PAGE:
Instructor Educational Qualifications & Personal Skills
As we embark upon the 21st century, the number of nontraditional students continues to increase in the total college population. As occupations continue to require higher skill levels, more adult students are expected to return to community colleges. Community college instructors are faced with a higher percentage of adult students than are traditional colleges and/or universities. Adult students return to school for other reasons than career advancement. Many of them do so in order to acquire higher levels of skills and added personal development. However, both community college instructors and adult students face a host of adult-sized challenges. For example, instructors must often cope with the fear engendered in many returning adult students.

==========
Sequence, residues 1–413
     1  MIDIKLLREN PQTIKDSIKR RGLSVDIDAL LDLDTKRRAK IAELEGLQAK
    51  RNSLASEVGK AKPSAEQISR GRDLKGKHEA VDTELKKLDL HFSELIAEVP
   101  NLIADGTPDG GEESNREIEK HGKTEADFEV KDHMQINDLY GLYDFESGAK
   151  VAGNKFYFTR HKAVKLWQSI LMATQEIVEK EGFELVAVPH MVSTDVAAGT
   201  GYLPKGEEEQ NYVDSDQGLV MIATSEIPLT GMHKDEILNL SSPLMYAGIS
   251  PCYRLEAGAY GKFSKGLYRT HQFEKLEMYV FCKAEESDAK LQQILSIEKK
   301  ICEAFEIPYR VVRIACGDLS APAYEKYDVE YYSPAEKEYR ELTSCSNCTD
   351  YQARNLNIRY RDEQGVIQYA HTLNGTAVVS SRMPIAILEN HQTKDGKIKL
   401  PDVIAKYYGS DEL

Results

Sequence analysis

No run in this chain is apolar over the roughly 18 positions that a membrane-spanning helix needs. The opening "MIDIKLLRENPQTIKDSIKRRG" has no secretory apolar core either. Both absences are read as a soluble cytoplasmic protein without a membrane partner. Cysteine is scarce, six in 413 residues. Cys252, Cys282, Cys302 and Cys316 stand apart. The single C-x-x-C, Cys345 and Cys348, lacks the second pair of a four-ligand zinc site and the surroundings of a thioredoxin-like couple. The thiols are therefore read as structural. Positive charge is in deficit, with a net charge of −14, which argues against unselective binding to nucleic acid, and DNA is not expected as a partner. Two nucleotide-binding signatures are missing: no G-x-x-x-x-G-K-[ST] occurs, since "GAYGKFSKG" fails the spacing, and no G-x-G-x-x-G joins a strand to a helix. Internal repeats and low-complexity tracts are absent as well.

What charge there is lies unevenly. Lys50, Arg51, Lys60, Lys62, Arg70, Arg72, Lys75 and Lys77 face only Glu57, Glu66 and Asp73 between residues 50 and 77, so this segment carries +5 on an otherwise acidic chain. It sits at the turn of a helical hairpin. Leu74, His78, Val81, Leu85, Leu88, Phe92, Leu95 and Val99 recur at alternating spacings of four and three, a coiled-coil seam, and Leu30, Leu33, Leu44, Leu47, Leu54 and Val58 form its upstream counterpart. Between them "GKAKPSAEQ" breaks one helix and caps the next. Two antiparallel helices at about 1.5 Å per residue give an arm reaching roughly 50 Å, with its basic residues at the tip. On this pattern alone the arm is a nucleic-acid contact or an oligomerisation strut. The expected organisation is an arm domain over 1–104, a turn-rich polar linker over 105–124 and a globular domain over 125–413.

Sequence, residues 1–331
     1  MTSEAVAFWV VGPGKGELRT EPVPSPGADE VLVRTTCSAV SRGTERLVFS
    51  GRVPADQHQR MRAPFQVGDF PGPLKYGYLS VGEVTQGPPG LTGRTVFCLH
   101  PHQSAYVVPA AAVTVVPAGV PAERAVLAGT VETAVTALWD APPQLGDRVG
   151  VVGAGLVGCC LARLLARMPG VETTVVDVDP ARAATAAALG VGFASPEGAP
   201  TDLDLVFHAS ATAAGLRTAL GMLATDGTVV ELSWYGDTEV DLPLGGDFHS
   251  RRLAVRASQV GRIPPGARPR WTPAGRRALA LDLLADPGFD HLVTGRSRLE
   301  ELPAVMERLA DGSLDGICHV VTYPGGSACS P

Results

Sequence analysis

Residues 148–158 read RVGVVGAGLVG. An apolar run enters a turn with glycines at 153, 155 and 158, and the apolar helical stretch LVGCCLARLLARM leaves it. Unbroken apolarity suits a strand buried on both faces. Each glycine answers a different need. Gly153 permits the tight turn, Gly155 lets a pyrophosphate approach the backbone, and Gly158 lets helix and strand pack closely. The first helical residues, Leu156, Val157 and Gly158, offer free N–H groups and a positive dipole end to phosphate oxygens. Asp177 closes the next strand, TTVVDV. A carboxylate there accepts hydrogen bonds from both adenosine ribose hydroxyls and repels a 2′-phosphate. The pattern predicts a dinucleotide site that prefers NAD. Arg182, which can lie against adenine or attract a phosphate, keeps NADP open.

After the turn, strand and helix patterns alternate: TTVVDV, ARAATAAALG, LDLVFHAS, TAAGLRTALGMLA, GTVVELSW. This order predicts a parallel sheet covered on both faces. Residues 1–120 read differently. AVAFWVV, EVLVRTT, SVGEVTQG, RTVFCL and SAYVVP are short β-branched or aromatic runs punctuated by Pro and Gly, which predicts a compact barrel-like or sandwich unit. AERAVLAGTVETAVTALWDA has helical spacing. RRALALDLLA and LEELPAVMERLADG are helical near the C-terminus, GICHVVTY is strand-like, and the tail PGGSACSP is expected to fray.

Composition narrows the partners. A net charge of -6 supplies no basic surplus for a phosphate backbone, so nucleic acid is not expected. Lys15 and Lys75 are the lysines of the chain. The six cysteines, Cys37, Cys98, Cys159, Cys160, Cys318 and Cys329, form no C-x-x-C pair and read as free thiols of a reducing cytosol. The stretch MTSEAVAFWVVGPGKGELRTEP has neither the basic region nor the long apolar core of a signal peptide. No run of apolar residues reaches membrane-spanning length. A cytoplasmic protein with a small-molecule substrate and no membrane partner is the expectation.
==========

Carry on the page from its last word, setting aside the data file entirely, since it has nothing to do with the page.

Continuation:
Greater diversity among adult students also places additional burdens on the instructor to create an environment that embraces diversity as a means of enriching learning for all students. For the adult student, there are numerous obstacles from demands on time, money, and family, to work, friends, and leisure activities. For these and other reasons, it is imperative that the community college instructor understands well the demands upon him or her before teaching. This is true in terms of the educational qualifications that are required to gain employment on the community college level, as well as being true with respect to the personal skills and qualities being an effective instructor of adult students on the community college level requires.
Community colleges are also experiencing growth as the Bureau of Labor Statistics reports that jobs requiring a bachelor’s degree are expected to grow the most quickly in the 21st century, nearly twice as fast as the average for all occupations (King, 2002, 1). Since the early 1970s community colleges have experienced rapid growth. In 1972 in a groundbreaking work, Arthur Co...